A little something from the Gila Writers Group last week.
I used to dance, long ago, once I overcame the fear of ridicule or looking foolish to those who actually knew the footwork and possibly other associated motions that certain Sixties dances required. By the Seventies, free-styling was the dominant form on the floor. With just the right number of tokes, who cared what anyone else thought anyway.
Actually, I think I got it all down pretty well by then–syncing my moves to the music of the day, or night to be more precise. There really were no prescribed moves anymore. Then came disco, that short-lived excursion into far more moves than ordinary rock and roll ever had. Kind of like a return to decades past. Many mocked the music but plenty did the steps. Not me. No time for learning that in the midst of law school–even if I’d wanted to. I suppose the freestyle and disco coexisted for a time, with disco fading first. But by then, age and marriage made clubs and the party scene a thing of the past.
Now I’m living just outside Silver City. A small town in New Mexico. I’ve seen bumper stickers that say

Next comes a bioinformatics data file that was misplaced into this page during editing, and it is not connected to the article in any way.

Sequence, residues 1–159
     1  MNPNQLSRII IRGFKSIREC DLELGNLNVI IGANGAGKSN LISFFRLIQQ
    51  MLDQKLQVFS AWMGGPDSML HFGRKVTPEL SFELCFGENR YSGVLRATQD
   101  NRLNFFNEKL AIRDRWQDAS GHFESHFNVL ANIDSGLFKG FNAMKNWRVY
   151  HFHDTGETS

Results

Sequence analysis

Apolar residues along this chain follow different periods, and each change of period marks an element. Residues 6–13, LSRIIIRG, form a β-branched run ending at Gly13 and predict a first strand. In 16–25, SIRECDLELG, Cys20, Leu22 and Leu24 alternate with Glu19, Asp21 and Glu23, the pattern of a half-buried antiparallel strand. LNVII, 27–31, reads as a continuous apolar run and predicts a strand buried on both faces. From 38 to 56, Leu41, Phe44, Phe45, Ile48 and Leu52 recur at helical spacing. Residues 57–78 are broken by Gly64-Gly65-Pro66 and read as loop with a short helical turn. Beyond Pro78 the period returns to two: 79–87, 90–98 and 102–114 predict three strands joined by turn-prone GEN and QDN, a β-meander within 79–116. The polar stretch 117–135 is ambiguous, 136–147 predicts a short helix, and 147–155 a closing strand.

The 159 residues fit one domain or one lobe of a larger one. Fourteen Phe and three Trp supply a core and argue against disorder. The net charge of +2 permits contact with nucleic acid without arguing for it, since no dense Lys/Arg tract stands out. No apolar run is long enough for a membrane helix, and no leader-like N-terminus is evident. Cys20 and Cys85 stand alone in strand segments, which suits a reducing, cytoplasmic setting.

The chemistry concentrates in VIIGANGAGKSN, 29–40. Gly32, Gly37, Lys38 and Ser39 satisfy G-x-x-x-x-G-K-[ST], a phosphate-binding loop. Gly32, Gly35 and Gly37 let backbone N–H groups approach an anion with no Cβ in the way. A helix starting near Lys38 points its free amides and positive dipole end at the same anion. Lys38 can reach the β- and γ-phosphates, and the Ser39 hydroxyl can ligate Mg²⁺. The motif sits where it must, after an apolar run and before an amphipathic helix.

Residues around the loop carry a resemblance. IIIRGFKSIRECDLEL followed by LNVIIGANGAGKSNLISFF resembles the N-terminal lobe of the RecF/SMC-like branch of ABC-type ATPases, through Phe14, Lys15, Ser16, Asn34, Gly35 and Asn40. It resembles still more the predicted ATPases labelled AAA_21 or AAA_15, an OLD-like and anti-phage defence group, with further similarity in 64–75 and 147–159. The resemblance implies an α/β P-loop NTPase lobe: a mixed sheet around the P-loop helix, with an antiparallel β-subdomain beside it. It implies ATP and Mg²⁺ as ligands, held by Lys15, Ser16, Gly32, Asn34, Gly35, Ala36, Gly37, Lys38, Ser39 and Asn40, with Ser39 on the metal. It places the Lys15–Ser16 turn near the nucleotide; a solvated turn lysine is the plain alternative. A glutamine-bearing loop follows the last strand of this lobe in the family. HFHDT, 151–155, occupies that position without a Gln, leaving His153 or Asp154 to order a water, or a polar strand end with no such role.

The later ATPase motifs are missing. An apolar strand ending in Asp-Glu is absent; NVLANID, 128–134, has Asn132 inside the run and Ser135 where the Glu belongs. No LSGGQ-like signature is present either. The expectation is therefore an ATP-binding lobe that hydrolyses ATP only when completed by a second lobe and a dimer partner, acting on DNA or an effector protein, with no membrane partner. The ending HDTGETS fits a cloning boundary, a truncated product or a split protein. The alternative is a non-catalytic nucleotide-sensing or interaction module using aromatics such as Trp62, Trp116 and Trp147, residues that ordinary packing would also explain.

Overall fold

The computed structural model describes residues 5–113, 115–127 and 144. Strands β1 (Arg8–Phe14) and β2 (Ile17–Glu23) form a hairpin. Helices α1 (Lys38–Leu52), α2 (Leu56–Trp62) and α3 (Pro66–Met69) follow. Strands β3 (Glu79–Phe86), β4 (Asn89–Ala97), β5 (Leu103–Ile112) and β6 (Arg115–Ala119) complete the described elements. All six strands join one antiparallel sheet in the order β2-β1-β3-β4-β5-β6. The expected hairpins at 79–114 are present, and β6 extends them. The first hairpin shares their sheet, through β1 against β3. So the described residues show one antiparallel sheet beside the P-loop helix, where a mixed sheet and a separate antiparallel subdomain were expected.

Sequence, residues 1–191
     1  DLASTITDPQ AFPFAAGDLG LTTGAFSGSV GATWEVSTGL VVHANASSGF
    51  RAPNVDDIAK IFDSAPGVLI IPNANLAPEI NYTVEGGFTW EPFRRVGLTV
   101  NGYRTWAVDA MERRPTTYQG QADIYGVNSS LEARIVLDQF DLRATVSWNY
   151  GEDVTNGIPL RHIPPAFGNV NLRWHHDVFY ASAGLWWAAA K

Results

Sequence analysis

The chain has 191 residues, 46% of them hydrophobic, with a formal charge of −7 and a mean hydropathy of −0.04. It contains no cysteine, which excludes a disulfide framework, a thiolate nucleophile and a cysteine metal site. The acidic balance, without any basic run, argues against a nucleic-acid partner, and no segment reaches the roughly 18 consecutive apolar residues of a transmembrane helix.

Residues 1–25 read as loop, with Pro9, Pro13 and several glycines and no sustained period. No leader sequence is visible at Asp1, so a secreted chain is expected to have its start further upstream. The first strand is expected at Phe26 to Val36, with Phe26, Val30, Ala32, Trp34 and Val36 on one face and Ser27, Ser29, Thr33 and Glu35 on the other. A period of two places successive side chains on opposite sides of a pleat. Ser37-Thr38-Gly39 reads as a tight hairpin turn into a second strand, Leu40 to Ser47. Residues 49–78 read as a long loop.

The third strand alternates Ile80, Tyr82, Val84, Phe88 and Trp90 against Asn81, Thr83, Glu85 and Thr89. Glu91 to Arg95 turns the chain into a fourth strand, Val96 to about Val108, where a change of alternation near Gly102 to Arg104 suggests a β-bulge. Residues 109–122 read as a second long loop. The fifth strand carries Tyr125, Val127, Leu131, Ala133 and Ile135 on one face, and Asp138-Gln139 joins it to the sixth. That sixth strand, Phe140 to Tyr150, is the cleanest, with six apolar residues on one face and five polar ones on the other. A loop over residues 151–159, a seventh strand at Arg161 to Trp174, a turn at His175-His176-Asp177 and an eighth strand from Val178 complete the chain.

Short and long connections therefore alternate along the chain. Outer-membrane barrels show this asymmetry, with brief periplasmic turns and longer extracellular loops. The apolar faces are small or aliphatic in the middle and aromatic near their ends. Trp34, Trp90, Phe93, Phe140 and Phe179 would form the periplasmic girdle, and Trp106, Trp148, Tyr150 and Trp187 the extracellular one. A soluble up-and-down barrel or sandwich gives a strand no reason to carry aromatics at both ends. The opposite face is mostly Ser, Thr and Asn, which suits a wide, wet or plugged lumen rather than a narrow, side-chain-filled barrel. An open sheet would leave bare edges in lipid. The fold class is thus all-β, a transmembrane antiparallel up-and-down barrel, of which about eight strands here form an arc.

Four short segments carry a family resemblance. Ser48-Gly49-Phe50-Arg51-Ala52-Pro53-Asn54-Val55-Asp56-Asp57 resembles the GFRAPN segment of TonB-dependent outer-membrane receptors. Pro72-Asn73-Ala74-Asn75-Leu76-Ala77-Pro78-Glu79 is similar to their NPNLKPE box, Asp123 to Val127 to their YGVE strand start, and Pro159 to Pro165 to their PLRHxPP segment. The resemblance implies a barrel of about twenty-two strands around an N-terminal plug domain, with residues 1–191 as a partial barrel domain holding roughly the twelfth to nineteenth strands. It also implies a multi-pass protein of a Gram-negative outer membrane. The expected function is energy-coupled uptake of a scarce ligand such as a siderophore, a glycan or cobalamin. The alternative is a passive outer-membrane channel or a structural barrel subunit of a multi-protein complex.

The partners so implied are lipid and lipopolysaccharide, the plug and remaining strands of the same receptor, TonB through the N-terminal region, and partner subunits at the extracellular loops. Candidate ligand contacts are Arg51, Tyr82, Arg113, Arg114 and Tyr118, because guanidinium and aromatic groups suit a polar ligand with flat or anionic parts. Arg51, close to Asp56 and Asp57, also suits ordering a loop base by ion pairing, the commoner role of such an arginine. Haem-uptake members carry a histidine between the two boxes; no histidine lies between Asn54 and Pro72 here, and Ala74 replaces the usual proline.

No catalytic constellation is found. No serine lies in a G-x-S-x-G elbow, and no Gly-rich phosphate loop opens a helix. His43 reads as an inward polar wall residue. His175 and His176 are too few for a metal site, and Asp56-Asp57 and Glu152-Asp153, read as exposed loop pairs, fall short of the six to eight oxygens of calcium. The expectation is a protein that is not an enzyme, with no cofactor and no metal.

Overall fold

Old hippies never die, they just move to Silver City
There’s some truth to that. You can verify it with a trip to the Blues Festival that happens every Memorial Day Weekend. It’s FREE! Occasional name groups or individual singers show up. More often it’s people you’ve never heard of–but that doesn’t mean they’re not smokin’. Many folks just sit in their canvas event chairs, with or without umbrellas. But many others surround the stage set up on the pagoda in the middle of the town’s park. With music blasting, they make their own unique contribution to the dance vocabulary. No two individuals or couples move alike. From their apparel, it’s obvious some are reliving the good old days of wherever hippies and wannabes frolicked.
More than a little overweight and without the aid of still prohibited recreational drugs, I’ve eschewed the dancing myself. Now that I’m nearly svelte, next year has to be the time to revisit those days myself. Who knows, by then New Mexico may join the legalization movement that’s already taken hold in Colorado.